Canoe Down The Zambezi River

Zambezi, elephant
I hope to meet an elephant whilst canoeing down the Zambezi River

In July 2018 I (Paula) am going to canoe down the Zambezi River.

Here is why this is so important to me.

When I look at the body of an elephant, I see history. I see nature at its best and I see an amazing animal that deserves complete protection and respect.

When I look into the eye of an elephant I see pure majestic wisdom, I see deep emotion and I see a soft gentle heart.

When I see elephants being killed for their tusks, or for a photograph or to protect crops I am pained beyond words, because it makes no sense to me.

I have decided to dedicate my time to working on this cause. It is extremely important to me because I want to see all animals and people living peacefully together whilst also protecting the environment.

We are losing spectacular wildlife at an alarming rate, all for the sake of ‘medicine’ or a ‘trophy’. This is especially the case in parts of Africa.

Native communities need our help to provide education on the ground level.

This education is essential because the local communities aren’t aware of how important these species are to the overall environment.

“Humans are behind the current rate of species extinction, which is at least 100–1,000 times higher than nature intended.” (1)

This is a frightening statement. It makes me feel ashamed to be human having this much of an impact on the rate that animals are moving towards extinction.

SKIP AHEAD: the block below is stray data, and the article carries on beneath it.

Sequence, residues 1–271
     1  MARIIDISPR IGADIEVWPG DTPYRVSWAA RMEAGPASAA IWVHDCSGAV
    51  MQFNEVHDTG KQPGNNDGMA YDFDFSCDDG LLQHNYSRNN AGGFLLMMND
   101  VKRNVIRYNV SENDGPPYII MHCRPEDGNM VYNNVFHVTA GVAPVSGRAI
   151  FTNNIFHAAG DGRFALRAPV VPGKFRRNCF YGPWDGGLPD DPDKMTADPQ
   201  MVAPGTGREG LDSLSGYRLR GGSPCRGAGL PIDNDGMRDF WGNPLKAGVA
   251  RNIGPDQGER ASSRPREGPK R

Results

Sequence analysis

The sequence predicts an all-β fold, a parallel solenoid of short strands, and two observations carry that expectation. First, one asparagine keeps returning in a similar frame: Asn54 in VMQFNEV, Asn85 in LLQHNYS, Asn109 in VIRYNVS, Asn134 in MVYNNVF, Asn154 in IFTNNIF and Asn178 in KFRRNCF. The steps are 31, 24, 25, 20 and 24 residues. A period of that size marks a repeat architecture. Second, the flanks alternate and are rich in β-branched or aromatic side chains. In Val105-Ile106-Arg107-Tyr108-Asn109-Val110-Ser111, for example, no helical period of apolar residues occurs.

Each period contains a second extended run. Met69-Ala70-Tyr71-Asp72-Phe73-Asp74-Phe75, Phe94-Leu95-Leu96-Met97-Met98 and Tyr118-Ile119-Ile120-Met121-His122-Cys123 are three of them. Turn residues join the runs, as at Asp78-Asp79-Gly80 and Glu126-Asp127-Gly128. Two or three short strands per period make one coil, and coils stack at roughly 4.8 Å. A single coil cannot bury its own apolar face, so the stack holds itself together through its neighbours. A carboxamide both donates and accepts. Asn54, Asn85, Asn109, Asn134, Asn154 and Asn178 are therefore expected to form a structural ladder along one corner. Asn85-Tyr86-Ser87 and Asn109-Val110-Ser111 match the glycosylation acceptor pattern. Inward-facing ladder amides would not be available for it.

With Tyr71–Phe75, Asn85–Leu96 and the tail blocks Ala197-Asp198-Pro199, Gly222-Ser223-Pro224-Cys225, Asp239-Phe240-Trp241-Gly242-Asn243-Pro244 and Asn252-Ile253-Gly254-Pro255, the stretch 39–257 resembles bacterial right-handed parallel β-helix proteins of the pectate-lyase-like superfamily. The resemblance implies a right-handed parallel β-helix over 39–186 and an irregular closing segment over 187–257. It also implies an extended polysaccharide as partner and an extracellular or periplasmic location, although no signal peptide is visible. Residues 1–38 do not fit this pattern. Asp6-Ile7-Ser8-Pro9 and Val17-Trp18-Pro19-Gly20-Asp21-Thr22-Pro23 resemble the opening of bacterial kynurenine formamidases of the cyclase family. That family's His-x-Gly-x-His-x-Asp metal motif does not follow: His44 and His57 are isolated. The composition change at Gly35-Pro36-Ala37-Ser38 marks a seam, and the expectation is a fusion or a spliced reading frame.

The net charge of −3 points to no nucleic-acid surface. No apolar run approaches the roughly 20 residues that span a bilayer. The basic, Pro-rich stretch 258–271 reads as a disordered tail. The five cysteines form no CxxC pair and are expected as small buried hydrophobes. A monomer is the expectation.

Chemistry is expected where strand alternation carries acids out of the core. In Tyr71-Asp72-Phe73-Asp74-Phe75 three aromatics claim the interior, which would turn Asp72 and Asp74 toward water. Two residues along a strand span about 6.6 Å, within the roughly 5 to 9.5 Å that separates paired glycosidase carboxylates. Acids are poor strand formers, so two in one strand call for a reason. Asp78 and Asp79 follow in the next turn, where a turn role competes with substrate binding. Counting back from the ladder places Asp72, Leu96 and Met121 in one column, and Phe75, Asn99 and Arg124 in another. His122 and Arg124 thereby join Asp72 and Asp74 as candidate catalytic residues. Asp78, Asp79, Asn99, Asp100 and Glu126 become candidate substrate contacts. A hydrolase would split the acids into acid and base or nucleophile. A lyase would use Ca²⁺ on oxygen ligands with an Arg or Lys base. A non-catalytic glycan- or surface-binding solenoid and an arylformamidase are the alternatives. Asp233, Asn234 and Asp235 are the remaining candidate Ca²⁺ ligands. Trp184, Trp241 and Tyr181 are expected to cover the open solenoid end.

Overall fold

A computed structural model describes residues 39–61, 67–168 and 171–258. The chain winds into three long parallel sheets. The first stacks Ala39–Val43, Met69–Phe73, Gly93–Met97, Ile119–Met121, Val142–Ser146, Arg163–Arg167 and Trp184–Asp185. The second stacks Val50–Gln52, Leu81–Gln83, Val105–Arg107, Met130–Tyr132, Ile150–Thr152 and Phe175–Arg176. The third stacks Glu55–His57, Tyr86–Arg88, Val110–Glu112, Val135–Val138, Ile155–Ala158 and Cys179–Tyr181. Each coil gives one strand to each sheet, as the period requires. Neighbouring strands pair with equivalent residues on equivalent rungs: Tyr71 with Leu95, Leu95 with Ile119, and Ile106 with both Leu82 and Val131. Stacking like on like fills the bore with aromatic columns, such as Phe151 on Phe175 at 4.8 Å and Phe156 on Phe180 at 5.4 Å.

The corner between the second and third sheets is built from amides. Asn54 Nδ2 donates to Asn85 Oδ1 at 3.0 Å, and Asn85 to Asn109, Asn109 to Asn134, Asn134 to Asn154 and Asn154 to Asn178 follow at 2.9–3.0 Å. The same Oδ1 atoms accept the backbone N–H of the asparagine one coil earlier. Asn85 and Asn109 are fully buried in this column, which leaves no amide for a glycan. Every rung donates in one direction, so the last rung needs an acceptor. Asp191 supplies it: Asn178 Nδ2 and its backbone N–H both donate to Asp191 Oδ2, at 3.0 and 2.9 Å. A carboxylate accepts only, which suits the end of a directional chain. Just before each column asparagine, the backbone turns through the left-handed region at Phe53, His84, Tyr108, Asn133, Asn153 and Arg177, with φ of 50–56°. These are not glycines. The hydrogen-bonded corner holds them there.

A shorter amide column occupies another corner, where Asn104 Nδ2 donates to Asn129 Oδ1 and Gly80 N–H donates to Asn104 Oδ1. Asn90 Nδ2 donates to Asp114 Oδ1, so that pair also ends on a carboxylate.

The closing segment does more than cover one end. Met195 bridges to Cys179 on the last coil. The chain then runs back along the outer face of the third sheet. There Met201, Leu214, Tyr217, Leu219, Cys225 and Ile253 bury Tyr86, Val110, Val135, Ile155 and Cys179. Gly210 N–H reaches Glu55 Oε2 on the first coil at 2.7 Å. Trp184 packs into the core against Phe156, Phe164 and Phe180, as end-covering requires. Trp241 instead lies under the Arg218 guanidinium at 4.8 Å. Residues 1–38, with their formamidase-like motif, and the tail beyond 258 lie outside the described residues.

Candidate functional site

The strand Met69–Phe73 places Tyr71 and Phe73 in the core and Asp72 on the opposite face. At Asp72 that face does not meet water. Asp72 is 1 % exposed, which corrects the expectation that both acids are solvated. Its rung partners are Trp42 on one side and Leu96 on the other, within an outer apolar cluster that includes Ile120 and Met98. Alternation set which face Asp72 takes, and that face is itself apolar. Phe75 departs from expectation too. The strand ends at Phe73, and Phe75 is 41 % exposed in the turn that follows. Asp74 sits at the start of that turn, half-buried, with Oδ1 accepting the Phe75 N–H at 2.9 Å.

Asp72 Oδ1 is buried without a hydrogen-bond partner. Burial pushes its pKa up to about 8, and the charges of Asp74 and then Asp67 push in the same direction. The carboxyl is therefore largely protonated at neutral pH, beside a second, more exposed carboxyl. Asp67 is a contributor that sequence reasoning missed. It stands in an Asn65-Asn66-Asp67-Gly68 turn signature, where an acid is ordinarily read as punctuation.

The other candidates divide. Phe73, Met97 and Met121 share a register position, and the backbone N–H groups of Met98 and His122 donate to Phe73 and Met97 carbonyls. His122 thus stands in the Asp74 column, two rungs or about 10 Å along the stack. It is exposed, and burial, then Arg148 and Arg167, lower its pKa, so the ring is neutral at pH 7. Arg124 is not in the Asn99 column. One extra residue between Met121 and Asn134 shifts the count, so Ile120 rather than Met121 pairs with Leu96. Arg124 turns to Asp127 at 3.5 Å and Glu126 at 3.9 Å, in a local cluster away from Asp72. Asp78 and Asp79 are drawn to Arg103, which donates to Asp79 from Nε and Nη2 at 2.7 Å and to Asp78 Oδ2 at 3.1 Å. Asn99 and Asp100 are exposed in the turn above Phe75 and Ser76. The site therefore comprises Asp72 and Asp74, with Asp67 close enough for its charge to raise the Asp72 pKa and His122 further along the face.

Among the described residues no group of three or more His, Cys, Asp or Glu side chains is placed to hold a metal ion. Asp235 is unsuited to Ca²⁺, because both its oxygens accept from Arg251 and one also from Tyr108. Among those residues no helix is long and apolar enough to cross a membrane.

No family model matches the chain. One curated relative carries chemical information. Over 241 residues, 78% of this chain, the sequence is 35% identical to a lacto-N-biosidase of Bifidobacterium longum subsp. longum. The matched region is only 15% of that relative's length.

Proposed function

It needs our attention and commitment across the board, immediately.

My First Step Towards Making A Difference

In July this year I am undertaking a sponsored canoe down the Zambezi river.

I am taking part in the adventure to raise money for the education of children in Zambia. This education will include animal conservation where the young people (and consequently their communities) will be taught about human-wildlife conflict and how to live in harmony with their local wildlife.

Kids in Zambia get free education up to Year 8. After that, they have to fund their education themselves.

This means the awareness and understanding of the impact of losing critical species goes unknown and unlearnt.

The education I am keen for them to access consists of:

  • Learning about the animals and the planet
  • Self-sustainable living (with no impact on the environment)
  • Agriculture
  • Human wildlife conflict
  • Animal conservation
  • They will even join a conservation club at school!

This education is completely essential to them, their families and to their future in the local community.

“Over the last few decades, conservationists have come to understand just how central community involvement is to wildlife conservation success—and how important it is for communities to actively steward the natural resources around them to improve economic and social well-being.” (1)

I’m proud to think that my efforts will enable one young person to access a full education in Zambia and learn exactly how important their natural habitat and surrounding species are to them.

If a sponsored canoe down the Zambezi River interests you and you would like to get involved in providing children with this essential education, take a look here:

 We can make a difference if we put our mind to it and commit. Every small step adds up to significant change. Who are we NOT to make a difference? 

  1. World Wildlife Fund: